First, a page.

The Biden administration has so far deported more Haitians in a few weeks than the Trump administration did in a whole year, with the use of a highly controversial Trump-era public health order denying asylum seekers basic legal rights, according to a new report.
The report, The Invisible Wall, due to be published today by a coalition of immigrant rights groups, focuses on Title 42, part of the 1944 Public Health Service Act invoked a year ago by the Trump administration as grounds for summary expulsion of migrants because of the supposed health risk they posed during the Covid pandemic.
The Biden team has sought to place a moratorium on deportations of immigrants already in the country (though that moratorium has been blocked by a court order), but it has not stopped Title 42 expulsions of newly arrived migrants. The report found the pace of deportation flights to Haiti in particular had increased dramatically.
“More Haitians have been removed to Haiti in the weeks since President Joe Biden and Vice President Kamala Harris took office than during all of fiscal year 2020,” according to the Invisible Wall report, published by the Haitian Bridge Alliance, the Quixote Center, and the UndocuBlack Network.
In part at least, the rise in expulsions mirrors an increase in arrivals of Haitians at the border, misled by rumours and deliberate disinformation from people smugglers, that the Biden administration had relaxed the regime at the border. Most of the new arrivals have been waiting in Mexico for months hoping for a change in the rules affecting Haitians. Some of the deportees may also have been held in detention centres in the US.
The department of homeland security did not respond to a request for comment on Wednesday. The new administration has said it will take time to repair the Trump-era degradation of infrastructure for holding immigrants pending asylum requests.
Read more of Julian Borger’s report from Washington: Haiti deportations soar as Biden administration deploys Trump-era health order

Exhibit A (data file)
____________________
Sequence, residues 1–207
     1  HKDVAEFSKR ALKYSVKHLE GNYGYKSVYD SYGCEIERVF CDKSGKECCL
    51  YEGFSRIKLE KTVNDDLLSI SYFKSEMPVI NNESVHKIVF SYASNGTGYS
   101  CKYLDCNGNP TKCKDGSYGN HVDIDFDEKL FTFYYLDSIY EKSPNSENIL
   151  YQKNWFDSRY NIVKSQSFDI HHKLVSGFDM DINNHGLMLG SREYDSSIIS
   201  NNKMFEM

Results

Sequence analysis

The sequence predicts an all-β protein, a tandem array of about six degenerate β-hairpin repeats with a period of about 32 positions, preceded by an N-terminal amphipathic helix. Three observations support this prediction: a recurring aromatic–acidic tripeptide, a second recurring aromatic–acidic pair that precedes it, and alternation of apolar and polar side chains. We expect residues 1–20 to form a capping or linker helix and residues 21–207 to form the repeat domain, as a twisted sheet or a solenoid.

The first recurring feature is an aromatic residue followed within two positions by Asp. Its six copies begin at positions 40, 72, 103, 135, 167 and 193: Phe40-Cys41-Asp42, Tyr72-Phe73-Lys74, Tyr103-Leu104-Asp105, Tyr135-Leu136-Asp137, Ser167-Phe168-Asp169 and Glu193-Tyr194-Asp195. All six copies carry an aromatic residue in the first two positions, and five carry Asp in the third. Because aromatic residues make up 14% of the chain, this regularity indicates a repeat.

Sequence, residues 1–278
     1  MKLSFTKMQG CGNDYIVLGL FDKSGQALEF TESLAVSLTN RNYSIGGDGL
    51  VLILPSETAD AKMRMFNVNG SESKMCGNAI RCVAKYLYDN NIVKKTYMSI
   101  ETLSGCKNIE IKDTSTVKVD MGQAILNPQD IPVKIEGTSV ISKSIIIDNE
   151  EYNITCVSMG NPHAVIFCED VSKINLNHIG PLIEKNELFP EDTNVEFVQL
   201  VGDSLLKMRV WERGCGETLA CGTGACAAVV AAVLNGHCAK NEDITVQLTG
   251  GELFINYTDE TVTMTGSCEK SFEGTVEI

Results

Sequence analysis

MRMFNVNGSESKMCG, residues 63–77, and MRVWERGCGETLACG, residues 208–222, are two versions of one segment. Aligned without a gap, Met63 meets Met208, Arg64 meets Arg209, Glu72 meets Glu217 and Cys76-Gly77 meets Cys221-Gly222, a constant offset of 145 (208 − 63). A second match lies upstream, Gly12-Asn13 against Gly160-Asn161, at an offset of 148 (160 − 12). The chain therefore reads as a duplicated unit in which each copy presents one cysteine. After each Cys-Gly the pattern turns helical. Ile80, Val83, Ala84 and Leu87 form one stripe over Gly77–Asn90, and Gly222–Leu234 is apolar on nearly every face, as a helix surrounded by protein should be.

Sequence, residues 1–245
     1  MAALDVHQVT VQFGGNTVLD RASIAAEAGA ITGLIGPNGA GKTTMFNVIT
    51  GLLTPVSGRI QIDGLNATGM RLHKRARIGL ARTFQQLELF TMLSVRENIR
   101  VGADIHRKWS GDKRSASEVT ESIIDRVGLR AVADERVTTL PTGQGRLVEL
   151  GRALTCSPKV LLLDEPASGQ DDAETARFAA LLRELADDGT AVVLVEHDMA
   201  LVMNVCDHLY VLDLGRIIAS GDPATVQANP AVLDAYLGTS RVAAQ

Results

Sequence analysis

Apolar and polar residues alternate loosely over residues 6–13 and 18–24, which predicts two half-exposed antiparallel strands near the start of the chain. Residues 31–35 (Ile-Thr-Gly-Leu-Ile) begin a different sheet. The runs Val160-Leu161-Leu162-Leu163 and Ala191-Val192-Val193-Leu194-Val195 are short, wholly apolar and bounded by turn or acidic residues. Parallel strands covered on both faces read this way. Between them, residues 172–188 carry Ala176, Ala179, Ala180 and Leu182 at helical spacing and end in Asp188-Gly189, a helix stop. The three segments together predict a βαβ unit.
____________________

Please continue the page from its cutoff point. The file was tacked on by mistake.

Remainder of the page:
Could this showdown with the NRA be different?
In April 2013, Sandy Hook father Mark Barden stood beside Barack Obama in the Rose Garden of the White House hours after the US Senate had voted down a bill that would have introduced universal background checks on all gun sales.
Standing in the Rose Garden directly behind Obama and Barden was the man entrusted with driving gun reform on to the statute books: Joe Biden. After the slaying of the school kids, Obama had given Biden the job of coming up with a plan for substantial legislation that would help prevent Sandy Hook happening again.
So what went wrong? Why didn’t Biden achieve meaningful reform at a time when the nation was deeply traumatized by a horrifying slaughter of its children?
A clue to what happened was given in one of the first of many meetings that Biden held with interested parties to discuss his proposals. The encounter, held at the White House, was with the lobby group that posed the greatest threat to his efforts: the National Rifle Association.
At the time the NRA, with more than 4m members and an iron grip on lawmakers whom it ranked according to their voting records, was widely feared as the most powerful gun lobby in the world. Wayne LaPierre, the NRA’s executive vice-president, had just days before issued his response to Sandy Hook, proposing in typically acerbic fashion that the way to prevent further mass shootings was to place armed guards in all schools.
“The only way to stop a bad guy with a gun is a good guy with a gun,” LaPierre said. In the ensuing months, gun sales soared. By all accounts, Biden’s head-to-head with the NRA did not go well. The White House, the lobby group hissed, had “an agenda to attack the second amendment … We will not allow law-abiding gun owners to be blamed for the acts of criminals and madmen.”
Read more of Ed Pilkington’s report here: Gun reform laws eluded Biden in 2013. Could this showdown with the NRA be different?
A couple of weeks ago he pointed out:
Ronald Reagan and Bill Clinton both did their first one after just nine days in office. Barack Obama waited 20 days. And Donald Trump had been president for only a week before giving his first news conference, where he fielded questions alongside then-British prime minister Theresa May.
But Joe Biden still hasn’t had a formal news conference since his inauguration on 20 January. The stretch is the longest a new president has gone without meeting the press in the past 100 years, dating back to when Calvin Coolidge, a man known as “Silent Cal,” was president, according to research by the American Presidency Project at the University of California at Santa Barbara.